OUTFIT DETAILS: Sezane jacket (gifted last year, similar style here) // Ulla Johnson dress (from a few years ago, similar style here) // Vintage cowboy boots (similar style here) // Longchamp scarf (gifted) // Lack of Color hat
For all my New Yorkers who happened to attend (or who wanted to attend), you know how hard it was to snag tickets for this particular showing. Let’s just say, it was akin to purchasing tickets for Hamilton, BEFORE Lin Manuel left. Yours truly spent the better part of February refreshing my browser several times a day, in hopes of snagging a ticket, when lo and behold, the Revlon team reached out, inviting me to an early morning private docent tour, before the museum’s opening hours.
I was floored. But also curious, what tie does Revlon have here?
As I would come to find out that freezing March morning, Kahlo was a huge Revlon fan — with much of her signature beauty look indebted to a particular shade of red lipstick, a kohl eyeliner and, naturally, a brow pencil, most of which were on display as part of the exhibit — the items half-used and well-loved, as if their owner, at any moment, would be returning to finish her morning makeup. Understandably, you’d probably be a bit confused as to why her makeup in the first place was even on display in context with her art, but that’s what made this exhibit so distinctly different for me. For the first time ever, Kahlo’s personal wardrobe, trinkets, body and back braces and yes, makeup, were on display, with many of the items having been rediscovered in 2004 after being locked away for many years since her death in 1954. In a way, it was like having Kahlo in the room with you — an undeniable presence, one that perhaps gets stereotyped over the years, yes, but when you see her well-worn dresses, the headpieces, the jewelry — well, I could have sworn she’d waltz right into that room and join the tour with us. (Heck, while we’re on the page of wishful, supernatural thinking, perhaps she’d even loan me a piece or two?!). A girl can dream, right?
I guess what I appreciated most was that it humanized the idea of her to me — her beauty, her thoughts, her pain — felt that much more relatable. I could feel HER more when I looked at her work.
Where am I going with all this? Excellent question. I was in the process of transitioning my summer pieces out the other day, which meant I was rediscovering a ton of fall favorites, like this suede belted workwear jacket from Sezane. It’s deliciously butter smooth and I distinctly remember when I brought it home because I couldn’t wait to wear it in Sedona, Arizona last November, as part of what I affectionately dubbed my Georgia O’Keeffe phase. O’Keeffe, much like Kahlo, is another deeply fascinating artist to me — whose work I’ve long admired as a fellow American southwest desert girl at heart. And perhaps inspired by the Kahlo exhibit, I found myself researching image after image of O’Keeffe and her personal style, revealing truths about her along the way. She rejected corsets and heels — opting for more loose tunics and flats. She loved wearing black and white, almost exclusively, often scoffed at for “dressing too much like a man.” And, similar to Kahlo who made her own lace-up boots by hand, O’Keeffe was an expert seamstress, oftentimes making and altering her own clothing, with many pieces staying in her wardrobe for over 60 years. Now that is the definition of an investment piece.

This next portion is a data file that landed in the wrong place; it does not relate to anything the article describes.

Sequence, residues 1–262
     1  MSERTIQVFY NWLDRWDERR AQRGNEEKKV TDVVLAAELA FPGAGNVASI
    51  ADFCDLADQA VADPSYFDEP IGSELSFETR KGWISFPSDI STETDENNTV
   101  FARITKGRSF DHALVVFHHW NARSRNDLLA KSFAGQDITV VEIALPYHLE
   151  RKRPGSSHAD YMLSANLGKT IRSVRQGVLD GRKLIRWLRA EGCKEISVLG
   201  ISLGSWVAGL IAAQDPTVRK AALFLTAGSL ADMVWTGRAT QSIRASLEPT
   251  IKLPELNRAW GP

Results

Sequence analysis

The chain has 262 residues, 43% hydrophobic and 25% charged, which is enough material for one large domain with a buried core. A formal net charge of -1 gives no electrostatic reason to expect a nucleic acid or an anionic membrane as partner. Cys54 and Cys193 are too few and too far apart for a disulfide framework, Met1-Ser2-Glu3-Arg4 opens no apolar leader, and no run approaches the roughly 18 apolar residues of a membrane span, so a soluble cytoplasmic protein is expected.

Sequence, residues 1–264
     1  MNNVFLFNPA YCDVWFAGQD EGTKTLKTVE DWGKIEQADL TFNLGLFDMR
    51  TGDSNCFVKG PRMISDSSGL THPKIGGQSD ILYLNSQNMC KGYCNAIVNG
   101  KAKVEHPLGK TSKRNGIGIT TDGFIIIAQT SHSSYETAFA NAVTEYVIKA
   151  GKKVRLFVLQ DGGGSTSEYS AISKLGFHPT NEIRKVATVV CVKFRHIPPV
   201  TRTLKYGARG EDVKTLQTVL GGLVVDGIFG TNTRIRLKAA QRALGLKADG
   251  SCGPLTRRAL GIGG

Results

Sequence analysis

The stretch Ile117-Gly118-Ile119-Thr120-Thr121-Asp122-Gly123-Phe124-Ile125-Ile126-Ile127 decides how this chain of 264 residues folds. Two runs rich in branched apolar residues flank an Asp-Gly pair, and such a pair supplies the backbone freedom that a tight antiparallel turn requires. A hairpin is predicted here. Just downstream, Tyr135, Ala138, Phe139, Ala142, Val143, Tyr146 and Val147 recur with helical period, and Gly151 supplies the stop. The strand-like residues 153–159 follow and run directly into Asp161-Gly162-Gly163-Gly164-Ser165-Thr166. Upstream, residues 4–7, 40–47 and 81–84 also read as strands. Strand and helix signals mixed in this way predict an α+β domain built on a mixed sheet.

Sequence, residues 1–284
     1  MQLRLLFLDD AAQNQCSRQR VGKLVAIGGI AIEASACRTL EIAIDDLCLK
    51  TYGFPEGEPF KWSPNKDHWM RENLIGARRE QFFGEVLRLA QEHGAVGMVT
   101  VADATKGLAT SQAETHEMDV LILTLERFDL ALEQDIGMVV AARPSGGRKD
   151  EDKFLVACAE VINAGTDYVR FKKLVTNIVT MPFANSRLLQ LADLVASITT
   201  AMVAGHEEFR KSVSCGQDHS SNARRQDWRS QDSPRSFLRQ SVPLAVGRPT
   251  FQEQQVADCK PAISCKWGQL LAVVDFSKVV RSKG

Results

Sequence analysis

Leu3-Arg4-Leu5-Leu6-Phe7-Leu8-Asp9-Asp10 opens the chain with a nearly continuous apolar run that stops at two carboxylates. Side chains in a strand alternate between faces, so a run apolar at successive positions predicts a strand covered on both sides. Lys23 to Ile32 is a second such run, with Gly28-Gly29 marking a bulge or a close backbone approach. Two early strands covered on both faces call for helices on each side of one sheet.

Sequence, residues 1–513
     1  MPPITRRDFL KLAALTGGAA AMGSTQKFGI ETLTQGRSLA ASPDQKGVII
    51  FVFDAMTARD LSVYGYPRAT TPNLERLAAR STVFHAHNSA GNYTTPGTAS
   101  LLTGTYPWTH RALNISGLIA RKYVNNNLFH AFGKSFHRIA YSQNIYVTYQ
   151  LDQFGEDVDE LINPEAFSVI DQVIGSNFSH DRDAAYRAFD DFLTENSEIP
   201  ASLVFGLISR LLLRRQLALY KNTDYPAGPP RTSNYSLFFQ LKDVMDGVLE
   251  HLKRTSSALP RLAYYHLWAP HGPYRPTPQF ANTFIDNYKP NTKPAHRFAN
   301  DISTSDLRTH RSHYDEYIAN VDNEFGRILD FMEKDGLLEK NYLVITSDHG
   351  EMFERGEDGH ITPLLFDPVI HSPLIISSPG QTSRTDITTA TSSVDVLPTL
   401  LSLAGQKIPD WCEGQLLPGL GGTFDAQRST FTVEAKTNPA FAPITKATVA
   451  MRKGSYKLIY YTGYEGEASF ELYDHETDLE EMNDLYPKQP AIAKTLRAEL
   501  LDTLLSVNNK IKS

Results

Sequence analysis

You can imagine my surprise (and subsequent disappointment) when I saw the Brooklyn Museum had a similar exhibit for O’Keeffe back in 2017 and yours truly MISSED it. But that’s besides my point today — what I really have been thinking about, especially since the rediscovery of my beloved workwear jacket, is how the older I get, the more I appreciate a more seasoned muse. A woman (much like Kahlo and O’Keeffe), regardless of her craft or profession, who knows her own mind, her own tastes and her own style and doesn’t give, pardon my French, two shits about what anyone else thinks. That’s my kind of woman. And a woman I so desperately want to emulate.
I suppose there’s nothing revolutionary about saying that sentiment out loud, but I just wanted to put it out there — into the internet universe that still largely values youth, youth culture and bare midriffs on 15 year olds on TikTok. None of which is bad, it’s just of no interest to me anymore, really. I used to feel silly admitting it — just like how I used to hate my beloved grey hairs. But guess what? I love my grey hair. I wear it like a badge of honor and I wish we placed more of the same fascination we have for men and their salt and pepper distinction on their female counterparts, but perhaps that’s a blog post topic for another day. If you were to look through some of my recent follows on Instagram, you’d find most are, in fact, older women — in their 40s, 50s, 60s and 70s — and much like when I see photos of Kahlo and O’Keeffe, they all seem to be comfortably embracing their minds, their bodies, their age, their years, their craft, their beauty. Those are the women I want to be like and I’m now only regretting it’s taken me this long to realize it. I spent far too long fearing the idea of “aging” (in some way or another, haven’t all women wasted too much time on that subject — it’s nauseating really) only to realize, it’s all a ruse. The water is just fine and I have plenty of women who I admire to prove that sentiment true.
Now tell me, who are some of your unconventional or unexpected personal muses — sartorially speaking or otherwise?
Photos by Carter Fish shot on location in Sedona, Arizona on a press trip with Bentley